2018-12-05 / Voice at the Shore

West Point Holocaust Center director speaks on atrocity prevention at Stockton


David Frey, director of the Center for Holocaust and Genocide Studies at West Point, spoke on teaching the military to prevent atrocity at Stockton University on November 7. David Frey, director of the Center for Holocaust and Genocide Studies at West Point, spoke on teaching the military to prevent atrocity at Stockton University on November 7. What can West Point Military Academy recruits learn from the Holocaust?

Quite a lot, said Dr. David Frey, director of the Center for Holocaust and Genocide Studies at West Point. Frey, who is also an associate professor of history at the nation’s premier military academy, spoke to students and faculty at Stockton University on “Mass Atrocity Response Operations” on November 7. His appearance at Stockton was sponsored by the university’s Office of Military and Veteran Services and the Sara & Sam Schoffer Holocaust Resource Center.

Frey’s work goes far beyond teaching West Point recruits. He has also spearheaded efforts to increase awareness and understanding of genocide and its prevention at other military service academies— including the Naval Academy, Air Force Academy, Marine Corps, Coast Guard, and Reserve Officer Training Corps—as well as throughout the Department of Defense.

Notably, the stated mission of West Point’s Center for Holocaust and Genocide Studies is “to instill within current and future military leaders a sophisticated understanding of the Holocaust and other instances of genocide, and to inspire them to prevent future atrocities in their roles as military leaders.” The ultimate goal is to find better means of detecting and preventing mass atrocity.

Why does the government use the term “mass atrocity” rather than “genocide”? That was the first of many questions that Frey posed to a jam-packed room of roughly fifty Stockton students and faculty who came to hear him speak.

According to Frey, “mass atrocities” is an umbrella term that encompasses crimes against humanity, ethnic cleansing, and genocide.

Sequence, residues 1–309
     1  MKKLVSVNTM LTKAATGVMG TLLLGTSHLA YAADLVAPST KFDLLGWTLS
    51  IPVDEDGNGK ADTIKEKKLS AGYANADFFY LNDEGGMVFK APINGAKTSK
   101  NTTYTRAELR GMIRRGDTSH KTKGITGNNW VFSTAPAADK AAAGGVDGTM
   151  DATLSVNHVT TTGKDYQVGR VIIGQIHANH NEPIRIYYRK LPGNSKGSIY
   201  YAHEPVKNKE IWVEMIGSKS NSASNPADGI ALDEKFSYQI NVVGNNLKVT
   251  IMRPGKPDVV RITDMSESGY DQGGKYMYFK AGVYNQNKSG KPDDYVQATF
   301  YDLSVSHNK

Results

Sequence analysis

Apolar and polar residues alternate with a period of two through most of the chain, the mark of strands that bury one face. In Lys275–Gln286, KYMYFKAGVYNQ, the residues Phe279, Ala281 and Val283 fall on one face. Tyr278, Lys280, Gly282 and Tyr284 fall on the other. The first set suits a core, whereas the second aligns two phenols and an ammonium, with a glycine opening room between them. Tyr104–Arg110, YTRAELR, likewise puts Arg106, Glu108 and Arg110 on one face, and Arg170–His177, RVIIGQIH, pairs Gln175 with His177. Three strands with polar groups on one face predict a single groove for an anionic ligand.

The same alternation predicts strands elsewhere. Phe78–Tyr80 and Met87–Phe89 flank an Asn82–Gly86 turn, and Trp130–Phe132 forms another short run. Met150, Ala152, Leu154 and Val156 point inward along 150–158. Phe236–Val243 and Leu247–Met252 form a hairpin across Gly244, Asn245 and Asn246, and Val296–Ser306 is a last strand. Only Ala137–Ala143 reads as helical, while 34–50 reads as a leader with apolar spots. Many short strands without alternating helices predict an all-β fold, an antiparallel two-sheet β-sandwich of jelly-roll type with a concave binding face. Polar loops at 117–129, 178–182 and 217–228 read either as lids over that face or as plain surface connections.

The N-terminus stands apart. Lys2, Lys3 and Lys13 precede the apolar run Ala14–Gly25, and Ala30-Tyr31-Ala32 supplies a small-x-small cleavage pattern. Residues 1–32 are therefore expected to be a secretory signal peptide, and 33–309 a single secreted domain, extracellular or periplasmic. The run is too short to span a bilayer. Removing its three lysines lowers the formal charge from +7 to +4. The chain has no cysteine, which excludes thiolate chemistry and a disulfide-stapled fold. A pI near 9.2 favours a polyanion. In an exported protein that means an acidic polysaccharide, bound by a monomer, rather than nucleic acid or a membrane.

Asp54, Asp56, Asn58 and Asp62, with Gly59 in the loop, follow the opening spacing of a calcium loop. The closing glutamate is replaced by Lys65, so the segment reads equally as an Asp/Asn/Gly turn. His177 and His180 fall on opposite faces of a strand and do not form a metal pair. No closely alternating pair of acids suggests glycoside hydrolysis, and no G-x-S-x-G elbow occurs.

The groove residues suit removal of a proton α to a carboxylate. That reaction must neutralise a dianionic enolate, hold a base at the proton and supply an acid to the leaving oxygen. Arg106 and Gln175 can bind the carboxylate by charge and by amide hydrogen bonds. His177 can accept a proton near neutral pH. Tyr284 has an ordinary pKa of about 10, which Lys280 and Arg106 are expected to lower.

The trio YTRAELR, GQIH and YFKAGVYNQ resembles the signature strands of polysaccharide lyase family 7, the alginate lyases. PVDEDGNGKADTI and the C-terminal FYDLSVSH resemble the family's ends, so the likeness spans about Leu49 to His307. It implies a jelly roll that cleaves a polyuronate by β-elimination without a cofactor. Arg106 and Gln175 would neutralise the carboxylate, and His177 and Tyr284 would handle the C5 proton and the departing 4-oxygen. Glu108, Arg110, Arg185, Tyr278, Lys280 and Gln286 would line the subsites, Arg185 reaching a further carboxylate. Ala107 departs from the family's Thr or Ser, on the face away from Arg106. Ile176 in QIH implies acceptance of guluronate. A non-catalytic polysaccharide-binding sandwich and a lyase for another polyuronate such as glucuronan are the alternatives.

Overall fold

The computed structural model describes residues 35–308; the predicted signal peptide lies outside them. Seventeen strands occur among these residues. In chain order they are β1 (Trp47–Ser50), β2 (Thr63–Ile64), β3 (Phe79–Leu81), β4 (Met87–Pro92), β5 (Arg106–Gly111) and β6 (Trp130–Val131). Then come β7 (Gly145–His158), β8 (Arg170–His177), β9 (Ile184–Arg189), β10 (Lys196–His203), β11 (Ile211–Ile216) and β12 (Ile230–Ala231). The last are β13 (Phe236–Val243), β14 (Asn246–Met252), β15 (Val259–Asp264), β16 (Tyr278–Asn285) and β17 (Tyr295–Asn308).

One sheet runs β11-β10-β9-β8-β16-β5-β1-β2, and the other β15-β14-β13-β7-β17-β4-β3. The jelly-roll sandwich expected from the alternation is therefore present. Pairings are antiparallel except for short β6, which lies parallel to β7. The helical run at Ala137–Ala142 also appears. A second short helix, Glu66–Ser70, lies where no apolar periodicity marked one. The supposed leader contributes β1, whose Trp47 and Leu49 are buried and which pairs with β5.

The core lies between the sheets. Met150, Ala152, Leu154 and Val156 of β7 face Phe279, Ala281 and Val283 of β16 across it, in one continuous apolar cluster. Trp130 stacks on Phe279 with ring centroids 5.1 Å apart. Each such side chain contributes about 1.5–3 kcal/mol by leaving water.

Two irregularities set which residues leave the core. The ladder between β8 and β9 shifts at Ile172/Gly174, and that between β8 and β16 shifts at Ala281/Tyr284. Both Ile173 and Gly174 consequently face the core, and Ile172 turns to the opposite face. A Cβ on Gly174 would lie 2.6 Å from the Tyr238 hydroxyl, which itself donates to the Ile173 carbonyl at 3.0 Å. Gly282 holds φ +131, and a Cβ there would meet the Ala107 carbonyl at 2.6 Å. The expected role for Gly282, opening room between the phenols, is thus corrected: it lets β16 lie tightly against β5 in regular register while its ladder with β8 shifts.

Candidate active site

Mass atrocities are of grave concern to the U.S. Military, stressed Frey. Since 1904, he said, an estimated 80-200 million people have died in mass atrocities—well over the number of people killed in wars during that same time period. The number of people who have died from terrorism is extremely small in comparison.

Mass atrocities are also devastating. It usually takes an entire generation to restore the economy to its prior status after the atrocity, and the event frequently causes people to flee from their homes—often to other countries that are in turn destabilized by the influx of refugees. Syria is a prime example of this occurrence, said Frey.

Moreover, planning and responding to mass atrocities runs counter to the traditional approach to military operations, he noted. While most military conflicts involve two groups who are fighting one another, there is much more going on when there is a genocide or ethnic cleansing taking place. “There are many more actors on the ground,” stressed Frey.

Planning for Mass Atrocity Response Operations must be done quickly and secretively. “If people hear that plans are being made, the atrocities can escalate,” said Frey. For example, the perpetrators might choose to exterminate their victims more quickly, or the victims might take risky action under the assumption that help is on the way.

Sending in the troops is rarely a good solution for ending mass atrocities, added Frey. “A military solution should always be the last resort,” with diplomacy as a preferred course of action. “Research shows that military operations are counterproductive” in dealing with mass atrocities, even when done as a last resort. “When we intervene militarily, we do so to solve the problem. The military is good at stopping violence but not at stopping underlying problems,” said Frey. The military is also usually ineffective in establishing stable democracies in unstable areas that are poor, lack protections for women, and do not have a good system of law—precisely the kinds of places where mass atrocities generally occur.

As a result, when the military leaves, these areas remain fragile and unstable, so the atrocities are likely to recur. “The most likely place for a genocide or mass atrocity is a place that has already had a genocide or mass atrocity,” stressed Frey.

That’s why the West Point Holocaust and Genocide Studies Center’s focus on teaching cadets and officers about Mass Atrocity Response Operations is so important. “Since 2008 every conflict we’ve been in has been an atrocity conflict,” said Frey. As a result, today’s troops and their leaders need to think not just about military dominance but also protection of civilians, he stressed.

Last year, the West Point’s Center for Holocaust and Genocide Studies joined forces with the U.S. Naval Academy’s Never Again Initiative and the U.S. Holocaust Memorial Museum to conduct the first-ever Joint Service Academies Mass Atrocity Prevention Program. The overall goal of the student-led symposium was to create a greater understanding of atrocity detection and prevention, while encouraging students-who will one day become the military officers responding to future atrocities-draw lessons from the past and learn new ideas for prevention. 

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